Single Low-Dose Esketamine Injection Could Alleviate Postpartum Depression in New Mothers: Study

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Postpartum depression impacts the lives of around 20% of women, manifesting symptoms like mood swings, frequent crying, irritability, fatigue, guilt, anxiety, and difficulty caring for oneself or the baby. While it's a serious condition impacting the daily lives of both the new mother and the child, postpartum depression is highly treatable.

The current treatment typically involves psychotherapy or the use of antidepressants. The researchers of a recent study who investigated an alternative treatment strategy found that a single low-dose injection of esketamine given just after childbirth could reduce the risk of postpartum depression in new mothers who experienced prenatal depression.

Esketamine was derived from ketamine, an anesthetic often used in treating depression. Recently, esketamine, a more potent form of ketamine received approval as a nasal spray specifically for individuals with treatment-resistant depression.

The study involved 364 pregnant individuals above the age of 18 who were admitted to for delivery. The participants had at least mild prenatal depression as indicated by the Edinburgh postnatal depression scale. They were randomly divided in a 1:1 ratio to receive either 0.2 mg/kg of esketamine or a placebo through intravenous infusion lasting 40 minutes immediately after childbirth following umbilical cord clamping.

The researchers interviewed the participants at various intervals: 18 to 30 hours after childbirth, on day 7 after giving birth, and again on day 42.

The results showed that for those with prenatal depressive symptoms, administering a single low dose of esketamine right after childbirth reduced the risk of major depressive episodes at 42 days by approximately 75%.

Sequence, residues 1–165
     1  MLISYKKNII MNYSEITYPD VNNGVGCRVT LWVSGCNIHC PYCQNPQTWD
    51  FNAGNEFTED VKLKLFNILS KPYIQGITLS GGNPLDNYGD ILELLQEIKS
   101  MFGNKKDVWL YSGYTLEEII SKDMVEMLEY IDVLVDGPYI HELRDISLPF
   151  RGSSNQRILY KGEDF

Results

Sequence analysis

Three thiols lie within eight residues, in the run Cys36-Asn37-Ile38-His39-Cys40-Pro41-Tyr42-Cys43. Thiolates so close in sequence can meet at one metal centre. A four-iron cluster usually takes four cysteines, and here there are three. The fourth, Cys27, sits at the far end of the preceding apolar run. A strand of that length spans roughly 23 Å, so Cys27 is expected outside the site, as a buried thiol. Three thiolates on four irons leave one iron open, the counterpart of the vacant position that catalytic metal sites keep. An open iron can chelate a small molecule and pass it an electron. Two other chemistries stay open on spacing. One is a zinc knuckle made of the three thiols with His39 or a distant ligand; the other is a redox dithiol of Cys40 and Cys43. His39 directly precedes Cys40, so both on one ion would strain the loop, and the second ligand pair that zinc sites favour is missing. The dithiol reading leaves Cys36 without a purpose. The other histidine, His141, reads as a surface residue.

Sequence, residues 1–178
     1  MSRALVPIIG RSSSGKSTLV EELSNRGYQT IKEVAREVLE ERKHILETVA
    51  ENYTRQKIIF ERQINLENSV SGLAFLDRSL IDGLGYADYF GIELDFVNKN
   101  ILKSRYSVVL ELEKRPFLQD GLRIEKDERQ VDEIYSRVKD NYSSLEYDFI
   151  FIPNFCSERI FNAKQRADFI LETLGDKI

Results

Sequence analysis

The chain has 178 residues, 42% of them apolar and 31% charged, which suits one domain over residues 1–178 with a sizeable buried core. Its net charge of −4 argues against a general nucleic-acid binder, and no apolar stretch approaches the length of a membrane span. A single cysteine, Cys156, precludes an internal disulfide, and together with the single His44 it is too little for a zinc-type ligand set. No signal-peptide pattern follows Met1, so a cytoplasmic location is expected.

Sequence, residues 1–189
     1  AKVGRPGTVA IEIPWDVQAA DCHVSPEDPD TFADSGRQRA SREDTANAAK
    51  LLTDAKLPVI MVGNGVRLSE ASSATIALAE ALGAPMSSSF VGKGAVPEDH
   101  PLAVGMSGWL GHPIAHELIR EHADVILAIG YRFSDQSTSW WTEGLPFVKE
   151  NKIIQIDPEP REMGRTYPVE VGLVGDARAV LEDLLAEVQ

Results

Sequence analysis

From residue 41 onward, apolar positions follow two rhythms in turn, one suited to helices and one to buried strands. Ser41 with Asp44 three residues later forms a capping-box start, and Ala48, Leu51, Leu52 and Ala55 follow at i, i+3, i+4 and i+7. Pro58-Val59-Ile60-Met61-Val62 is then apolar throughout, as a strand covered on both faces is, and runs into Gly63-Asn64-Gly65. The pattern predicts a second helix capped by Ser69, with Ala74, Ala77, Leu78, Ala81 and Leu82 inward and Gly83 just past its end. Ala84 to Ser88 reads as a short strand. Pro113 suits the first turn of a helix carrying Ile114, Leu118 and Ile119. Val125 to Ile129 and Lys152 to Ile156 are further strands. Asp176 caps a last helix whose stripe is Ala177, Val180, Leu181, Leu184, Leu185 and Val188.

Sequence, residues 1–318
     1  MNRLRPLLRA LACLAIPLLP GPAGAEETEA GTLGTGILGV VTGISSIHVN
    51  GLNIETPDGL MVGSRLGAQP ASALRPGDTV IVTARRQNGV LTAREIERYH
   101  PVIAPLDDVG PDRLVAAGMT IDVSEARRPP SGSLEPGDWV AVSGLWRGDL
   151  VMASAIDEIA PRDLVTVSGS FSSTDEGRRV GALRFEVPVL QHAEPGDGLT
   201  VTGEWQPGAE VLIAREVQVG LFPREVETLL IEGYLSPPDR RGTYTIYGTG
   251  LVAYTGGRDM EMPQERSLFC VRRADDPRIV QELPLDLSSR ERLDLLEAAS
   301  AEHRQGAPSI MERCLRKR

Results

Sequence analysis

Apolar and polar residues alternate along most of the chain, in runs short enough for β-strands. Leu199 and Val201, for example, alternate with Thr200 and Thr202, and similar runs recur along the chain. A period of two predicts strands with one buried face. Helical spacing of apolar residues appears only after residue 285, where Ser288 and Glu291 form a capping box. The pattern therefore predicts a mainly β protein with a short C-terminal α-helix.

The participants who received esketamine also experienced reduced postnatal depression as per the Edinburgh postnatal depression scale score on day seven and as per the Hamilton depression rating scale scores at 42 days postpartum.

“For mothers with prenatal depression, a single low dose of esketamine after childbirth decreases major depressive episodes at 42 days postpartum by about three quarters. Neuropsychiatric symptoms were more frequent but transient and did not require drug intervention,” the researchers wrote in the study published in the BMJ journal.

Although generally considered safe and well tolerated, esketamine needs to be administered after weighing the benefits and risks. Increased blood pressure, nausea, dizziness, vertigo, headache, and sedation are some of the known side effects.

of low-dose esketamine depend on the rate it is administered. For example, at most, 98% of participants developed neurological or mental symptoms when 0.25 mg/kg esketamine was injected intravenously over one minute; the proportion was lower when low-dose esketamine was infused over 40 minutes. Our results are consistent with previous reports, which indicate that a single low dose of esketamine (0.2-0.25 mg/kg) infused over 40 minutes is generally well tolerated in people with treatment-resistant depression,” the researchers wrote.

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